Life for Addie Downs — overweight, from a weird family — changed dramatically the day Valerie Adler showed up on her small street in Illinois. The two young girls, misfits in their own ways, became fast friends — and stayed together through the teasing and taunts they endured, relying on one another for support.
Until one night in high school.
Jennifer Weiner’s Best Friends Forever opens as the ladies, now in their thirties, reunite following a high school reunion. Needless to say, Addie wasn’t interested in attending. Though she’s since shed an enormous amount of weight, she’s still guarded and sequestered in her childhood home — empty save her since her parents’ deaths many years before. A successful artist, Addie has made a small fortune painting art for greeting cards and nursed a quiet, ill-fated love affair in the time Valerie has been gone.
Val, conversely, is just as loud, quirky and brash as ever — and is now a fixture on the news in Chicago, where she’s an on-air weather personality. Since the time she turned her back on Addie and escaped Pleasant Ridge, she’s worked to put the past behind her — including a sordid one involving Dan Swansea, their school’s golden boy. Following the reunion and too many drinks, Val decides to seek revenge on the man who helped wreck her friendship with Addie — and try to find a little solace for herself. But she just might need Addie’s help to do it.
As a tremendous Weiner fan who loved Good In Bed and Little Earthquakes, one of the first novels I ever reviewed on write meg!, I had very high hopes going into this story — despite the silly title. (C’mon, you know it’s a little kitschy.) And while I wasn’t bowled over or even won over by any of these characters, Best Friends Forever is a fast-paced novel with a mystery and family drama at its core . . . and that’s enough to keep me turning the pages.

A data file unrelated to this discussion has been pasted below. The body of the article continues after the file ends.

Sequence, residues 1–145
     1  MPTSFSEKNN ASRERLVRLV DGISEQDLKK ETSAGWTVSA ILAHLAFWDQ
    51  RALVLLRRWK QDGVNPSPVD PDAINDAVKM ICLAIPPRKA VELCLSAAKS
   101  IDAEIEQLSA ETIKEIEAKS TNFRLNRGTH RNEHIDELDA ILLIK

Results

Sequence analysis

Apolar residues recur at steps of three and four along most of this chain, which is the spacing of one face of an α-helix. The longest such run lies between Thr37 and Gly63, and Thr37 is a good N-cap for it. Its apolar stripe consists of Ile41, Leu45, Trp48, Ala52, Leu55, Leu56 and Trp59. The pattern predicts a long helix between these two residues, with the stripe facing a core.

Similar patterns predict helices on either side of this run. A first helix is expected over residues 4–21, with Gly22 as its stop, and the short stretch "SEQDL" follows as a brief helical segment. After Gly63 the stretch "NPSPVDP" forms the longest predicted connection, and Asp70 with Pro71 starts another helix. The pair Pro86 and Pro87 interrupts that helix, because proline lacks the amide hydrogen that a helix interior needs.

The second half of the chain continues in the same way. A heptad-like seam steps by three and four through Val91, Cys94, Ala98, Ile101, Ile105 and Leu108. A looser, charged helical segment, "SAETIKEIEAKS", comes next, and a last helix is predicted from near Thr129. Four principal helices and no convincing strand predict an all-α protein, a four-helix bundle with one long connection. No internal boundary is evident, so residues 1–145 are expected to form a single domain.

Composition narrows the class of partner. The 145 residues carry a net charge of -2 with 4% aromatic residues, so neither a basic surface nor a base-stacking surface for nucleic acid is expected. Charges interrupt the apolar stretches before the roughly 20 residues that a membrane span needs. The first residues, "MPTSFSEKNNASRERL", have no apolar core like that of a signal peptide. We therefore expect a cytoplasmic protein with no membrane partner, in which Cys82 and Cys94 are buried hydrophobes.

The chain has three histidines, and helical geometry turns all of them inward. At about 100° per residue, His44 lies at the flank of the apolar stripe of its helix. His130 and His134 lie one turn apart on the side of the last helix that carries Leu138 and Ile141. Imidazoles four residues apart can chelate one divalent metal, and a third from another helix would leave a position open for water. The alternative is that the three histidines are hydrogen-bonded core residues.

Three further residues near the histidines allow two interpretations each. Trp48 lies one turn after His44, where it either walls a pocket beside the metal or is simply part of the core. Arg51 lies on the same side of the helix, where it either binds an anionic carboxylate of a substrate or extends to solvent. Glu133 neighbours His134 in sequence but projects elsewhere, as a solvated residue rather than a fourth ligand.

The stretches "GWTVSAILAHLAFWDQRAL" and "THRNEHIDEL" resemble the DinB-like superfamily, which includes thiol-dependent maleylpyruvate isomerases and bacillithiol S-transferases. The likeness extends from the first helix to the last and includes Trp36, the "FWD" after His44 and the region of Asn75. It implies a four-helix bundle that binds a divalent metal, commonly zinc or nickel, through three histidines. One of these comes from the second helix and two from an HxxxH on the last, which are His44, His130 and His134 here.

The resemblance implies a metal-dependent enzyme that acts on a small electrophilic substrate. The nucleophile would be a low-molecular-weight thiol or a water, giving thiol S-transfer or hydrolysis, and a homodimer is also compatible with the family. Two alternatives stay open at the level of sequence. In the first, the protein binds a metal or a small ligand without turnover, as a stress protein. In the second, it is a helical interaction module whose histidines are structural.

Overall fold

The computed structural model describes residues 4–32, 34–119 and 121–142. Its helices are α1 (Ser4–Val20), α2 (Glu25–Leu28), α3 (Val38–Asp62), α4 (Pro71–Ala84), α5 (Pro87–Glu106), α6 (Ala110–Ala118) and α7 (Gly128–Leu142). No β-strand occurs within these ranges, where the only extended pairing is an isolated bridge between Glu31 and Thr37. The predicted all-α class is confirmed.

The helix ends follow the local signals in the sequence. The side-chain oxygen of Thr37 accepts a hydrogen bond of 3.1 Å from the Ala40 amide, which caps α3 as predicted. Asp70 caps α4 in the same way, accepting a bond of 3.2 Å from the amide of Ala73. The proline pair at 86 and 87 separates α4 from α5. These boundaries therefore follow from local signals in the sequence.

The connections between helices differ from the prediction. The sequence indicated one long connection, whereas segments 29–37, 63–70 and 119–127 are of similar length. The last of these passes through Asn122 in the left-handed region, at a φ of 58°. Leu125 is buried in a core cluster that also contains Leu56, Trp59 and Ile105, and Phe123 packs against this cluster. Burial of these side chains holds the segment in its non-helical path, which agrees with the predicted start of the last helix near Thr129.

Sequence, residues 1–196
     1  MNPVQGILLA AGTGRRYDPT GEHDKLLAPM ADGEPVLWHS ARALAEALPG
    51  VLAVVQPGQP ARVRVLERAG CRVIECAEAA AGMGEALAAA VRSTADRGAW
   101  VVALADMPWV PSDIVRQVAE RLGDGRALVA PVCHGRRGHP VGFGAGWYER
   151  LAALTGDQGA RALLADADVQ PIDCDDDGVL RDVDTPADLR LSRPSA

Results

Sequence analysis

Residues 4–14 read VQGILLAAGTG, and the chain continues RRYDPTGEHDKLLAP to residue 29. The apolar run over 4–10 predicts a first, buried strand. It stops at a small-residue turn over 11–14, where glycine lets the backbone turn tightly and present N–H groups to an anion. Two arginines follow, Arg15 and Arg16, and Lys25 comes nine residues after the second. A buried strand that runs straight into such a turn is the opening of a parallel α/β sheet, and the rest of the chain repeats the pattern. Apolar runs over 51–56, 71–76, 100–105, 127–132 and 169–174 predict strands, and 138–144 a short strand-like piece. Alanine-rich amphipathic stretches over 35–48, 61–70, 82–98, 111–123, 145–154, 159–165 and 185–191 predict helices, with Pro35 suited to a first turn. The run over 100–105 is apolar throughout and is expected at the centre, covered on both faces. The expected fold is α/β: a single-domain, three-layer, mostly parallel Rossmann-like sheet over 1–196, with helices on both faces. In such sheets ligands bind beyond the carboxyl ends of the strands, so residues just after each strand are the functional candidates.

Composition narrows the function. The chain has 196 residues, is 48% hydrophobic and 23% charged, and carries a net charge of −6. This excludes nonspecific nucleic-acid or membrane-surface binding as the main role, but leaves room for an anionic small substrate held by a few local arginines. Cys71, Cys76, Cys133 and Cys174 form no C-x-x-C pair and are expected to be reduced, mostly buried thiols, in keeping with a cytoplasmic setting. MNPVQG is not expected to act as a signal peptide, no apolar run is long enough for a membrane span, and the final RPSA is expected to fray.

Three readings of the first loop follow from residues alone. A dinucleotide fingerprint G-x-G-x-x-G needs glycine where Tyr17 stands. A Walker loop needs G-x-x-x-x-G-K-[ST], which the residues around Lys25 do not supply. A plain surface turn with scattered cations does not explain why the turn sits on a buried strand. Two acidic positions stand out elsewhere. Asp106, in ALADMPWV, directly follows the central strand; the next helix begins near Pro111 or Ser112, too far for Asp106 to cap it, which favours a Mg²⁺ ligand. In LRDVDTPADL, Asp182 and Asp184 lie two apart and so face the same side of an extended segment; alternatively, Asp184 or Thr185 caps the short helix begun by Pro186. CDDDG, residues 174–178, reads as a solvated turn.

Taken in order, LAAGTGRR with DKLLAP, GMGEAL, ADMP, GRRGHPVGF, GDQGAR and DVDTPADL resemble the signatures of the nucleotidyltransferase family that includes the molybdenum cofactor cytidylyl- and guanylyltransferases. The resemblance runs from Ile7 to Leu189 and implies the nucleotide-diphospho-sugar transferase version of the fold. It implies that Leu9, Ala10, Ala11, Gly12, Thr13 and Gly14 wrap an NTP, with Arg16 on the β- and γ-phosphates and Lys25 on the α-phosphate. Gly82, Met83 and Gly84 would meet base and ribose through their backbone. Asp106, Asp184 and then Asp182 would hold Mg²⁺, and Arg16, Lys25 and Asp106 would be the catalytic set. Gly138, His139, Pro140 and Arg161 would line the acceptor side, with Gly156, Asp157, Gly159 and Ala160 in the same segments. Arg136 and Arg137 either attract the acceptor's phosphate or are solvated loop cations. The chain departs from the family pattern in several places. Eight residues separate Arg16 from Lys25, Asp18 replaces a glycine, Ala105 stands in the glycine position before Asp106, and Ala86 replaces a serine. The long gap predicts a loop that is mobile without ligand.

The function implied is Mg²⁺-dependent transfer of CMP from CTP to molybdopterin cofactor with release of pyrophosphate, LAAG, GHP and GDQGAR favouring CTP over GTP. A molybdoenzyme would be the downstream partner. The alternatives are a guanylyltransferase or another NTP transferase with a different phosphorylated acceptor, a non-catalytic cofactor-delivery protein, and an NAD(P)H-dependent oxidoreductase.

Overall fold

The novel’s strength came from the detailed flashbacks making us privvy to the mostly-happy childhood Addie enjoyed — which came in sharp contrast to that of Val, whose free-spirited and irresponsible mother, Naomi, failed to provide the stability and comfort she desperately wanted. And saw across the street, at the Downs’ home.
Many reviews I’ve read lately question why, after all this time, Addie would open her arms to a crumpled Val and offer to help her. Val publicly betrayed, then abandoned her best friend in high school — some of the most formative, and painful, years for anyone to overcome. Since Val was such a raging jerk, why would adult Addie welcome such a menace back into her life?
To which I answer: because she was lonely. Since Val disappeared and Addie was left alone with her grief over the quick passing of both her parents and an accident which left her brother severely brain damaged, she’s had no one — hardly a friend, definitely not a lover. And Val reminds her of the feeling of belonging that was once so strong. When her old friend blows back into her life like a tornado, the promise of friendship and comfort is intoxicating. Addie can’t resist.
At its heart, for me, Best Friends Forever was definitely about loneliness — and was, in turn, a lonely story. Not the funny, quick-witted Weiner we’re used to — and definitely not a humorous, light-hearted tale. The novel was shockingly dark and twisty with plenty of uncomfortable developments and, as a reader, I found myself wrinkling my nose a time or two.
For all her preening and selfishness, Val wasn’t particularly likeable — and for her tendency to be a pushover with tons of pain, Addie wasn’t endearing, either. But there was something about the book — something — that kept me engaged. Maybe it was the unconventional structure, skipping through time and filling us in on the past in scraps. Maybe it was the rollicking ride of the mystery. Maybe it was the idea of Val “repenting” and making up to Addie the hurtful things she’d done.
Whatever it was, I barely paused as I tore through Weiner’s latest book, out in paperback on May 4. I just wish it had a little more heart.
3 out of 5!